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Why do we need a package manager for container images

张晋涛
中文

TL;DR

  • We need better metadata management of the container supply chain for better analysis;
  • The OCI specification currently has no way to package container image artifacts or a set of container images. But they will do it slowly;
  • At the same time, we need a package manager for container images;

Some background

I maintain an Tern , which is to generate a software bill of materials (SBOM) for container images. Many components installed in the container image are installed independently, rather than through the package manager. This makes it difficult for us to figure out the intention of the author who created this container image. It also did not provide more information about the contributors of the container image. Most container images are based on previously existing container images, and it is difficult to see this information through client tools or mirror warehouses.

I think if there is a "container mirror" package manager, it should be able to solve this problem. Therefore, I KubeCon 2018 . I asked whether the manifest of the container image can save this information so that the tool can analyze it according to the supply chain of the container image.

It turns out that the community is already considering how to manage things such as helm chart, OPA strategy, file system and signatures. This is why I participated in Open Container Project (OCI) to organize (I still owe @vbatts a favor to introduce me). The understanding at the time was that, in addition to the identification of the container image through the summary, no other management was required. There is also no need to manage dependencies, because all dependencies are packaged into the container image. Updates are handled by rebuilding the container again and keeping a scrolling label that downstream consumers can pull.

However, in addition to portability, the container ecology does not provide much. Managing container metadata together with container images can provide users and contributors with more valuable information about the supply chain. After two years and several supply chain attacks, we are still discussing how to best do this. Here, I try to summarize some of the proposed concepts and see how they meet our requirements for metadata management.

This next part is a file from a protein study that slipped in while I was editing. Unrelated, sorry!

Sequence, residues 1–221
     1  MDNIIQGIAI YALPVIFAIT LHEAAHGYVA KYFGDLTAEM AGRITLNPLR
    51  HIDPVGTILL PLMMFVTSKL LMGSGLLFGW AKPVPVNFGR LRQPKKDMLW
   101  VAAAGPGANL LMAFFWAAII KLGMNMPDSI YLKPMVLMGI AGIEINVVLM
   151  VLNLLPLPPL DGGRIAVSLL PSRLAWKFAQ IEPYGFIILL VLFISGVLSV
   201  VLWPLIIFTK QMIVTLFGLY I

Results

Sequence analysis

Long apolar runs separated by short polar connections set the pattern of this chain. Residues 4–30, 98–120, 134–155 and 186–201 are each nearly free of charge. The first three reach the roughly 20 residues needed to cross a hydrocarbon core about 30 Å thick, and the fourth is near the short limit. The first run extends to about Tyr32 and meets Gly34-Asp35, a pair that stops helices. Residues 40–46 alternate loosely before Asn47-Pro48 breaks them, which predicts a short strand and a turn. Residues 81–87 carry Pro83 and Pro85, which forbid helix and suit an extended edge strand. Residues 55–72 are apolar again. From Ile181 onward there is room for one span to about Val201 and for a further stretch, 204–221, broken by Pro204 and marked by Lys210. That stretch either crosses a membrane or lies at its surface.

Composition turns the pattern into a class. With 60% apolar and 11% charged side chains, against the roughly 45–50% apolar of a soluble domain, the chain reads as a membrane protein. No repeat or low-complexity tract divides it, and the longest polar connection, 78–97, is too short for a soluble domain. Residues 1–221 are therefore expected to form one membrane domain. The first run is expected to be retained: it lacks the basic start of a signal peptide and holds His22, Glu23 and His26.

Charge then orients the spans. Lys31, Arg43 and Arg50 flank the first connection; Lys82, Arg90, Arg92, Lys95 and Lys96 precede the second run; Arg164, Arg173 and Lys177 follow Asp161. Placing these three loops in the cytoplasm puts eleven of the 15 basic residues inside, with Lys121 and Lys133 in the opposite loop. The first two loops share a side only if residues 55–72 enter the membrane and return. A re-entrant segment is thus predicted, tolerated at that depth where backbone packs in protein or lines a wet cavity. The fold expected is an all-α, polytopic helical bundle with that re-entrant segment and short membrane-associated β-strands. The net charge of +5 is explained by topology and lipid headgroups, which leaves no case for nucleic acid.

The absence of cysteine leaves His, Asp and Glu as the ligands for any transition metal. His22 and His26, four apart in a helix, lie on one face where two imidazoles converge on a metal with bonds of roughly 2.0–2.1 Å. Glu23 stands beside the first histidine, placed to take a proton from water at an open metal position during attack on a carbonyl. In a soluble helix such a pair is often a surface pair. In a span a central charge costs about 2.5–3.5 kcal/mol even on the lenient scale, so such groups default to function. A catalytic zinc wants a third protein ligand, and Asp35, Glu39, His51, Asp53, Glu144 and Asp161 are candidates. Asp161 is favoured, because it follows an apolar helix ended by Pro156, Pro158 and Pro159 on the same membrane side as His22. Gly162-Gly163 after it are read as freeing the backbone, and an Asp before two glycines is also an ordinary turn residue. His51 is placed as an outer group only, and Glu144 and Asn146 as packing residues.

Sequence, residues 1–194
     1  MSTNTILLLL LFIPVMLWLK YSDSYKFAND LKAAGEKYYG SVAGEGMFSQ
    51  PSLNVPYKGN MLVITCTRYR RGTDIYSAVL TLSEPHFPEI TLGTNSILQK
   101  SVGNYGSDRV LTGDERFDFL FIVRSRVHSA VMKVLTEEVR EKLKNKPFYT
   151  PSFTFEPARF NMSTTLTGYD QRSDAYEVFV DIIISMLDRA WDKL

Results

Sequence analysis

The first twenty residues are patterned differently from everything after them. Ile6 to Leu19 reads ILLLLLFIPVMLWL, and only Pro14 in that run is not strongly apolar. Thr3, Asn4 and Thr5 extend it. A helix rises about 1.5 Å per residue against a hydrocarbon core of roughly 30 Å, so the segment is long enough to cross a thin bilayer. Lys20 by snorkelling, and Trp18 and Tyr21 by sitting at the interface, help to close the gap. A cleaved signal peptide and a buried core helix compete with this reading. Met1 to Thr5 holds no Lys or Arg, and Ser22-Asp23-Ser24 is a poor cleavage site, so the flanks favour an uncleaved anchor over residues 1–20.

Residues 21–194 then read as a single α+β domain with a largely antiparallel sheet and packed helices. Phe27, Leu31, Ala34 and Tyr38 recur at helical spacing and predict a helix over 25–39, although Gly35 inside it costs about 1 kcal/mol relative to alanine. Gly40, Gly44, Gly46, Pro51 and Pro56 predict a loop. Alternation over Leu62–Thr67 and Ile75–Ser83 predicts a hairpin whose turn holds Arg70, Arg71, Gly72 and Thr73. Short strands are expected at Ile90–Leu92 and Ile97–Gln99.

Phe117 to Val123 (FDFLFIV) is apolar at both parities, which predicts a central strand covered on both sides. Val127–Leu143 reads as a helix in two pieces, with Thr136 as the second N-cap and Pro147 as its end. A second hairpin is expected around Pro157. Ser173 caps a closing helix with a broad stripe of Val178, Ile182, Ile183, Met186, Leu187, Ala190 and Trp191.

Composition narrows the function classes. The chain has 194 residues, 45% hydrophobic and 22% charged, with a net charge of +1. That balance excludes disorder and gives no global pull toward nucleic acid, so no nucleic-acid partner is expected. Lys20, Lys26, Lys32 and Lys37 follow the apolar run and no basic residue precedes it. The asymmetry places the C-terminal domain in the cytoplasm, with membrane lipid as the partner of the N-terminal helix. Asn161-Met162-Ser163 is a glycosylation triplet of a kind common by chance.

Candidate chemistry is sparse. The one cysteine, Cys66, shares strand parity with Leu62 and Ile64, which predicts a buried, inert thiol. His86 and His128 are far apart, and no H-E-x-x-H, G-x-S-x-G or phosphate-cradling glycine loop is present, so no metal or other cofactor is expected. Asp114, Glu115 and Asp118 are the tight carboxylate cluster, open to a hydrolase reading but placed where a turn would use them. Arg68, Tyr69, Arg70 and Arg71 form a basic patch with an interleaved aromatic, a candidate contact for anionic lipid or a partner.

Back to the beginning

We write a package manager mainly for the following three reasons:

  1. Identification-Provide a name and other uniquely identifiable characteristics for your new file or package;
  2. Context-understand the relationship between your package and other packages (ie, dependency management);
  3. Freshness-to ensure that your package is maintainable and updated in its ecosystem;

There is actually a fourth reason, "build repeatability"-I think it belongs to the "context", but here, it is really worth mentioning, because it is necessary to understand the state of your package at a specific time. In this way, you can analyze the "good" state in the past and the "not so good" state in the present, that is, use the bisection method to analyze and build.

Due to some (good faith) assumptions, the container image ecosystem does not have these functions. A container can be identified by its digest. You don't need to manage the ecology, because the entire ecology already exists in one unit. You don't need to update the container-just build a new image and everything that needs to be updated will be updated. As long as your application is okay, it can work normally. However, if you plan to maintain your application for a long time, you must be prepared to deal with stack updates and major releases. We currently have no good way to manage stack updates other than "download the latest version" (a notable exception is Cloud Native Buildpacks, but we will focus on general cases here). Destructive changes to the stack may prevent you from rebuilding the image, which forces you to keep an old version of the image because you already know that the image will work. As you can imagine, maintaining a set of container images will become more laborious. It would be great if the information needed to maintain a set of container images is built-in and available when needed.

Mirror warehouse for managing metadata

We can build a separate metadata storage solution, but now we have a mirror warehouse. With some improvements, they can be used to store supplementary metadata along with container images. The organization has already done this for the source image containing the source tarball and the signed payload (as cosign did).